The Joy Formidable by Livio Korobase (photo by MI, titled Connected)

The Joy Formidable by Livio Korobase (photo by nekonuko Nakamori, titled wandering_world344)

◦⊱Mi⊰◦had a show titled L’avion en Papier for the fourth exhibit period in 2016. At the center of this exhibit was the idea of the paper airplane. To me, these outstanding images by ◦⊱Mi⊰◦ were both paintings and photography in one, where layer upon layer of color came together to create a very delicate whole. She notes about her exhibit that [t]o me, the paper airplane symbolizes poetry and freedom. Most importantly, it is ephemeral; it takes off and flies. It is a gesture, a moment, a magical plane that eventually smoothly falls, but does not break and can fly again. A moment of dream and grace. The paper airplane can be created by anyone, anywhere; both children and adults alike recognize the transient poetry of this simple object. In my photographs, the paper plane is used as a paper airplane, but also as a sail, a wing, a hat, a boat hull, a safe keeper and it does not leave the woman as it is part of her. This was one of ◦⊱Mi⊰◦’s first exhibits in Second Life. Last I heard, she is working on another one so please be on the lookout.

The sail by Mi

The shadow by Mi

La nage du papillon by Mi

Afterword Looking through this retrospective on another year at Berg by Nordan Art, I was very taken by the words of Imani Nayar in the introduction she wrote for her photography exhibition in April. “Step by step,” she wrote, “I realized that taking pics changed the way that I saw things. I suddenly saw things I never noticed before. Everything was different when I started to see the world as a photographer … light, colors, textures, shapes, perspectives ... and even emotions.” This really resonates for me. First and foremost, photography is an art form in looking at things. When we view a photograph of an object, we see not just the object itself but also how the photographer looked at it. Our attention is drawn to the details s/he thought important. It becomes an insight into their thoughts, their feelings, their values. For the photographer, the iterative process of taking and evaluating pictures refines and further refines the sense of what to look at and how to show it to people. Over time, detail starts to stand out that before our gaze passed over, and we see it whether we’re thinking of taking a picture or not. The world changes. We change with it. But why take photographs in Second Life, where things are not real? There are of course the many practical reasons. The in-built zoom lens for starters would cost you hundreds of dollars if you had to buy it for a real life camera. Changing the direction and height of the sun with a few clicks is also a pretty handy feature. And let’s not forget the sheer range of locations you can photograph, all without ever having to step foot outside your house. You can photograph them from up in the sky if you want to, or from halfway across a lake. And then there’s all the clothes. And then there’s all the people. Sometimes, though, it’s something more than that. Or rather, it’s something less. There’s a stripped back, minimalist aspect of SL that can force us to focus on the very simplest of things. We can’t convey emotion through an examination of an avatar’s face because the graphics just aren’t good enough for that yet; instead, we have to think about things like body position or the space between two people or the light that falls upon them. What can sometimes emerge is in some ways suggestive of impressionist artwork: simple images which nonetheless convey great emotion and intimacy. I hope you’ve enjoyed looking at and thinking about the images in this book. Keep coming back in 2017 to Berg by Nordan Art for more great exhibitions of Second Life photography and thought-provoking installations. Huckleberry Hax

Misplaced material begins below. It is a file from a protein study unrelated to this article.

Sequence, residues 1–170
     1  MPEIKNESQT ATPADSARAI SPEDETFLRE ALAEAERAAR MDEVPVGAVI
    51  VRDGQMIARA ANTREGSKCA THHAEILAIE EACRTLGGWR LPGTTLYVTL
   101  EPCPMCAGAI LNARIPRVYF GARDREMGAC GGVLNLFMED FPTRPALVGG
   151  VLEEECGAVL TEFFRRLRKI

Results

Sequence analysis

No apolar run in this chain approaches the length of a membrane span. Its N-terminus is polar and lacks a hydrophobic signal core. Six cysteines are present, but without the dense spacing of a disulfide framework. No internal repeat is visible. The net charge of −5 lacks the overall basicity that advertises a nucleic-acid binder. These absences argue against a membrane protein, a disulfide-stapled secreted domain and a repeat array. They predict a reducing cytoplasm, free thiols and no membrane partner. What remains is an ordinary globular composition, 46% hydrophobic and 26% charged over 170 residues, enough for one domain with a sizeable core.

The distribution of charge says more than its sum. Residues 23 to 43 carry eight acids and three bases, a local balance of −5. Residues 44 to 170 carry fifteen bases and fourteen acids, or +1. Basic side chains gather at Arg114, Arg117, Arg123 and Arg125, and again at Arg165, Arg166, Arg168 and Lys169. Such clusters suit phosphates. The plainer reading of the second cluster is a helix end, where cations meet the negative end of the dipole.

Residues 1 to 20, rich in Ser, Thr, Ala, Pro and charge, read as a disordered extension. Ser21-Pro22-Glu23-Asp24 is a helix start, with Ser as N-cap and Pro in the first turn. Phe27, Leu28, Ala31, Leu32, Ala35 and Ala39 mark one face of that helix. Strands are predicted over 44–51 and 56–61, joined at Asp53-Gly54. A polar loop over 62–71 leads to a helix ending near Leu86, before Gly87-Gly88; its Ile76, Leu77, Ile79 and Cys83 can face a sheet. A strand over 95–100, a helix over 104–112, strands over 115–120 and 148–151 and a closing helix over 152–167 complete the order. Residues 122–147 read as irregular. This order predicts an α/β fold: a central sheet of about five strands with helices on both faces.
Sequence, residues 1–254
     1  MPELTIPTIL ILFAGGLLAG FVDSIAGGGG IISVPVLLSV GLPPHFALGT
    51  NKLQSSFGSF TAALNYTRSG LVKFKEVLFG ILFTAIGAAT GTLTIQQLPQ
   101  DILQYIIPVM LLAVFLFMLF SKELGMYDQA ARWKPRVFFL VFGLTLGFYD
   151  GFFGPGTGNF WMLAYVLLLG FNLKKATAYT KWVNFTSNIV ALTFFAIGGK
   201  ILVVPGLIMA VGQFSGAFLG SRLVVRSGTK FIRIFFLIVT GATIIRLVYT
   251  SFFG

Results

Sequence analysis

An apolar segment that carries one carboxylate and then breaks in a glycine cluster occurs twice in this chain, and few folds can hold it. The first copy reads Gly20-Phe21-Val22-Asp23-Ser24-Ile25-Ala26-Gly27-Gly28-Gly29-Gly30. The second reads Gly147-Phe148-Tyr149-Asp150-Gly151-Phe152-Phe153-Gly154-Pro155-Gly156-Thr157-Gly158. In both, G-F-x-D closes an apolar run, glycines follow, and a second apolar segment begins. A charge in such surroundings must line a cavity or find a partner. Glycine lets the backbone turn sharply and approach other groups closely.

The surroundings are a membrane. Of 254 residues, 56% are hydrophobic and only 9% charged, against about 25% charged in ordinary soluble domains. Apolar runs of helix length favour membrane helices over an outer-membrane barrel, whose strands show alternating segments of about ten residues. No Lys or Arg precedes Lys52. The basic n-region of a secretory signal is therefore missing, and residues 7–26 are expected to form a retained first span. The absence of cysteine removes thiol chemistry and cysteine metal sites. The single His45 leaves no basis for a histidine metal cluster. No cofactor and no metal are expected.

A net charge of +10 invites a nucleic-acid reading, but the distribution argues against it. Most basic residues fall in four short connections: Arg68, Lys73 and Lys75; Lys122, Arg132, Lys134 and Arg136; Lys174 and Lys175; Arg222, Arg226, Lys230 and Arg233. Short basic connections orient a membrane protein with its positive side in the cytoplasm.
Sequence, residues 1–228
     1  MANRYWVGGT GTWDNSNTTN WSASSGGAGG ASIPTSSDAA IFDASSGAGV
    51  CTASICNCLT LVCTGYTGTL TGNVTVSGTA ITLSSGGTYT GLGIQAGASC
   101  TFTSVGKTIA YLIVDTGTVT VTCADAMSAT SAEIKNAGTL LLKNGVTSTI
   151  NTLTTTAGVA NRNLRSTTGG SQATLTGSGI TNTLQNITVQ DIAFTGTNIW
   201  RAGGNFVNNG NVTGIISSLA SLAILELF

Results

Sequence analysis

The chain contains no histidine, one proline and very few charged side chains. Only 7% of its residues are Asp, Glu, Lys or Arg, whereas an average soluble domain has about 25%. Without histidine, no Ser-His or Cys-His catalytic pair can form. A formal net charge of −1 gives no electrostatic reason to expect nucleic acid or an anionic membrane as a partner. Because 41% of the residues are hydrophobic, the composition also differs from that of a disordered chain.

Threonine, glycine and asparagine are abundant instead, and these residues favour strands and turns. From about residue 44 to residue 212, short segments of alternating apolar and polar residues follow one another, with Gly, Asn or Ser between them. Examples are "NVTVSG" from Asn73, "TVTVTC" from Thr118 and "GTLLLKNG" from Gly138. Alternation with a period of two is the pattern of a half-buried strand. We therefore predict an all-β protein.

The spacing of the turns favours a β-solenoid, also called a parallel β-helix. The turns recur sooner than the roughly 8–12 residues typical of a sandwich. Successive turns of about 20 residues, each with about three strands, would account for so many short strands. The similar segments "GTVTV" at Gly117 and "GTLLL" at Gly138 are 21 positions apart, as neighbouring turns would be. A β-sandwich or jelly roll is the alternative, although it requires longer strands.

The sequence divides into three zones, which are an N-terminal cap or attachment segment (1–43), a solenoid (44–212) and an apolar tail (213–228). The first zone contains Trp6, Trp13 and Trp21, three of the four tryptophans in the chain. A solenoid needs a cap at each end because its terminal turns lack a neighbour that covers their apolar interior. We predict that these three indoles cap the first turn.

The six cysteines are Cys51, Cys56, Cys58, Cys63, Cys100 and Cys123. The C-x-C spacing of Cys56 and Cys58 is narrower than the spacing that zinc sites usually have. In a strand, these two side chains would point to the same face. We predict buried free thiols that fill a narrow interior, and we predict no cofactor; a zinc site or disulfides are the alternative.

Contributing Photographers

Bay Addens Kate Bergdorf Midwinter’s Art NawtyBiker Mi Miles Cantelou nekonumko Makamori Tutsy Navarathna

Detail of L'annexe by Kate Bergdorf

Detail of Gallery M by Kate Bergdorf